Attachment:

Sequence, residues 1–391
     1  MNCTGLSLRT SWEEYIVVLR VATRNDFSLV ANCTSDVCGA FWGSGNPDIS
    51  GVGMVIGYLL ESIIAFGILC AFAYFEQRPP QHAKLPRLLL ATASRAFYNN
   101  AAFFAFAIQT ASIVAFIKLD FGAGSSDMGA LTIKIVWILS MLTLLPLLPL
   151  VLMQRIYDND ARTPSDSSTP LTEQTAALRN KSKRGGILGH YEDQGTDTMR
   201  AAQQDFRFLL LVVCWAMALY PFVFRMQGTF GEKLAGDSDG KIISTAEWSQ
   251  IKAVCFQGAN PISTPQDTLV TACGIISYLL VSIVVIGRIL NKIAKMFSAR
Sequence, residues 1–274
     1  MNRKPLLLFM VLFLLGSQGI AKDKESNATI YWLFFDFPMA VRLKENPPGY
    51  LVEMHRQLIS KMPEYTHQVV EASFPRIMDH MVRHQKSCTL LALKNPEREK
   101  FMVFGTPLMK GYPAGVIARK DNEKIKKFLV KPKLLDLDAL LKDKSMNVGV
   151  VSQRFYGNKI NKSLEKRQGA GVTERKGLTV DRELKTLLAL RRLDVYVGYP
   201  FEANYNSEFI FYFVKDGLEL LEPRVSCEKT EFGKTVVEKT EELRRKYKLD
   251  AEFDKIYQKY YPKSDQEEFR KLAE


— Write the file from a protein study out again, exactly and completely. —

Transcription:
Sequence, residues 1–391
     1  MNCTGLSLRT SWEEYIVVLR VATRNDFSLV ANCTSDVCGA FWGSGNPDIS
    51  GVGMVIGYLL ESIIAFGILC AFAYFEQRPP QHAKLPRLLL ATASRAFYNN
   101  AAFFAFAIQT ASIVAFIKLD FGAGSSDMGA LTIKIVWILS MLTLLPLLPL
   151  VLMQRIYDND ARTPSDSSTP LTEQTAALRN KSKRGGILGH YEDQGTDTMR
   201  AAQQDFRFLL LVVCWAMALY PFVFRMQGTF GEKLAGDSDG KIISTAEWSQ
   251  IKAVCFQGAN PISTPQDTLV TACGIISYLL VSIVVIGRIL NKIAKMFSAR
Sequence, residues 1–274
     1  MNRKPLLLFM VLFLLGSQGI AKDKESNATI YWLFFDFPMA VRLKENPPGY
    51  LVEMHRQLIS KMPEYTHQVV EASFPRIMDH MVRHQKSCTL LALKNPEREK
   101  FMVFGTPLMK GYPAGVIARK DNEKIKKFLV KPKLLDLDAL LKDKSMNVGV
   151  VSQRFYGNKI NKSLEKRQGA GVTERKGLTV DRELKTLLAL RRLDVYVGYP
   201  FEANYNSEFI FYFVKDGLEL LEPRVSCEKT EFGKTVVEKT EELRRKYKLD
   251  AEFDKIYQKY YPKSDQEEFR KLAE